While names like those certainly ring a bell among the design community, the 2016 National Design Awards is enjoying the rare ability to appeal to America’s Hollywood fan base as Brad Pitt’s Make It Right Foundation took home the esteemed Director’s Award. Don’t roll your eyes just yet — the nonprofit he created in 2007 constructs homes and buildings for people in need. In other words, Pitt and Make It Right deserved the award.
Aside from Pitt’s inherent star power, the National Design Awards also doled out a handful of acclaimed honors to the best and brightest in the field of design. As touched on above, Moshe Safdie nabbed the 2016 Lifetime Achievement Award for his continued innovation as an urban planner and his propensity for socially responsible design. Additionally, New York City’s Center for Urban Pedagogy took home the Corporate & Institutional Achievement award for its work to increase meaningful civic engagement, most notably among historically underrepresented neighborhoods.
“The National Design Awards program celebrates design as a vital humanistic tool in shaping the world,” reads the Cooper Hewitt website. “[It] seeks to increase national awareness of design by educating the public and promoting excellence, innovation, and lasting achievement.”
Cooper Hewitt also recognized winners in the design fields of architecture, communication, fashion, interaction, interior, landscape, and product. While the winners in those respective categories no doubt have had a major hand in advancing the industry in new and inventive ways, this year’s product design winner — a studio named Ammunition — is responsible for an array of products that are used by millions of people every day. Known mainly for their work creating Beats by Dre, Ammunition also designed Lyft’s pink mustache branding, the Square Stand iPod dock, and the insanely popular Polaroid Cube.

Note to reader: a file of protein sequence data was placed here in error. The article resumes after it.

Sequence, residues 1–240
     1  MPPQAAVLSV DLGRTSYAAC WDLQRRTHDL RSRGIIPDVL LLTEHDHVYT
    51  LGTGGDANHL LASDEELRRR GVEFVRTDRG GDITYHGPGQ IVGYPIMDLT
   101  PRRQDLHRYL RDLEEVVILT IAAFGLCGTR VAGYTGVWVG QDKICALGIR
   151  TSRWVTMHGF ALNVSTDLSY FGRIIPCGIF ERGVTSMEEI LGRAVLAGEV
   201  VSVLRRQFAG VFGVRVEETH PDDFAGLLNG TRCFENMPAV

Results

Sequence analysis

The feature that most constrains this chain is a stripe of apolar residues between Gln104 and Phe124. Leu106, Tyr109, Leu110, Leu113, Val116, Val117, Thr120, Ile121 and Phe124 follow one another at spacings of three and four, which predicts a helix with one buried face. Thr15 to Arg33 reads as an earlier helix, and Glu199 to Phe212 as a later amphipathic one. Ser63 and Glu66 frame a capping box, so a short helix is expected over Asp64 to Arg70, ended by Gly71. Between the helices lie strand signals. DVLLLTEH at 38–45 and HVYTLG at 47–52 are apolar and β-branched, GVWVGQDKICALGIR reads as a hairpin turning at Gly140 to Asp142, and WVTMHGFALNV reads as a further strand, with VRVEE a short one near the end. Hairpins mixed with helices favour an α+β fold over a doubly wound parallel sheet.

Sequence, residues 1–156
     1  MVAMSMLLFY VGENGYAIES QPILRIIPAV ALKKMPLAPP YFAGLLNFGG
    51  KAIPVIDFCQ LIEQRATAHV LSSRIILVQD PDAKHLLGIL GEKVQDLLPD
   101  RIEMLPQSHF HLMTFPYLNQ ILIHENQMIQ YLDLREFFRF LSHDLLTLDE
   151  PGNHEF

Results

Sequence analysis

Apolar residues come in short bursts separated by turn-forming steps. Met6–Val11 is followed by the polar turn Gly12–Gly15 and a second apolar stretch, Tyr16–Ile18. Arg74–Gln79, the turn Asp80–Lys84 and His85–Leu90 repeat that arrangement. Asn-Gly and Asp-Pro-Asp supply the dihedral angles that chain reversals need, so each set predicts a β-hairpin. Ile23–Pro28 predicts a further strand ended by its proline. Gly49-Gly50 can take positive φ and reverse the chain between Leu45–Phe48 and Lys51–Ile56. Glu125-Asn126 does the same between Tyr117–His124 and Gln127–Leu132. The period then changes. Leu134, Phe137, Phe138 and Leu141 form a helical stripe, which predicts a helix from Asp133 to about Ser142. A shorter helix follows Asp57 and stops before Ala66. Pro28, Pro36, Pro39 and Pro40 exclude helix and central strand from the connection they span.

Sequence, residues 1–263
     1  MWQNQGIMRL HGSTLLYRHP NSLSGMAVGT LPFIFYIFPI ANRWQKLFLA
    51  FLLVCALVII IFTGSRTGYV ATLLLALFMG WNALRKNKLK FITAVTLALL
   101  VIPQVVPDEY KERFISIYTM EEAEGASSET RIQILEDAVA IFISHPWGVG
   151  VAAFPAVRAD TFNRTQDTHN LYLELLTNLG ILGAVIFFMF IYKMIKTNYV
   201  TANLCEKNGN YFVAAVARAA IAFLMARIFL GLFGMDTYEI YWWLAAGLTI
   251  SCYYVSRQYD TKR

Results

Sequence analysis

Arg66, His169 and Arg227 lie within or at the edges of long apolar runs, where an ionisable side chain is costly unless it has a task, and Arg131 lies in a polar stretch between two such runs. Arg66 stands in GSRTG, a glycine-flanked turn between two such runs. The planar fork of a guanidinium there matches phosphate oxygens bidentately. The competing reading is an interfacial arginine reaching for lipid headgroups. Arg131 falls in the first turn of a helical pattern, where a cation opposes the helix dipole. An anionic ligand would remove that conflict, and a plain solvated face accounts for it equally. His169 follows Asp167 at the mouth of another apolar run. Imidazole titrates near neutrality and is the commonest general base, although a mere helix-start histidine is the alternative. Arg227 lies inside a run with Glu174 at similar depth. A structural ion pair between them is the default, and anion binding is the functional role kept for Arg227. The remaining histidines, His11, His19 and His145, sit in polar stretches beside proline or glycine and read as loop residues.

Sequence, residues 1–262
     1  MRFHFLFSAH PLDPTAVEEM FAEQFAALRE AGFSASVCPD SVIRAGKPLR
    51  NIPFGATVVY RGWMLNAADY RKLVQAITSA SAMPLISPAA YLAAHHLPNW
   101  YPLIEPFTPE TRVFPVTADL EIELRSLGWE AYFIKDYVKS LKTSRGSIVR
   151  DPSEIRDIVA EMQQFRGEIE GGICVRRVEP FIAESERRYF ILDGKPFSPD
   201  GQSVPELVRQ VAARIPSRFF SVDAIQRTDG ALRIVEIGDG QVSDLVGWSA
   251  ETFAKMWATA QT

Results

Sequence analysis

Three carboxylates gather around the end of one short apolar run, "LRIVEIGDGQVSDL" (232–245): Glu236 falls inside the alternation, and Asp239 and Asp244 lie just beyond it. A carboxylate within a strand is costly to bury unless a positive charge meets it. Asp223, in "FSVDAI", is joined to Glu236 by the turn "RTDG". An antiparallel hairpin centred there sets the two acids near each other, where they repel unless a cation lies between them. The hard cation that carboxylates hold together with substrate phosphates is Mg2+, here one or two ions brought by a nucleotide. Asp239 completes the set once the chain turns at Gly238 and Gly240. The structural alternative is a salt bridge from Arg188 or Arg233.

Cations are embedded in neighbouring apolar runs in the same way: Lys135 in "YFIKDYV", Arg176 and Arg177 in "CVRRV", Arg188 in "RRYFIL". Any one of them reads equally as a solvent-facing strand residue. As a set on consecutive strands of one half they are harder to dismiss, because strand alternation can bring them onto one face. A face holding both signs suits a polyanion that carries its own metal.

“This year’s class of winners reflect design’s remarkable empathy for contemporary social concerns: from promoting workplace productivity to preserving vernacular traditions to encouraging civic engagement,” said Cooper Hewitt director Caroline Baumann, during the announcement. “These designers and design firms cross disciplinary boundaries, explore innovative materials and develop new models of problem-solving in pursuit of these goals.”
The official National Design Awards gala is set to take place October 20 at the Arthur Ross Terrace and Garden at Cooper Hewitt in New York City. Moreover, First Lady Michelle Obama will serve as the 2016 Honorary Patron during National Design Week, which takes place the week before the gala from October 10-18.
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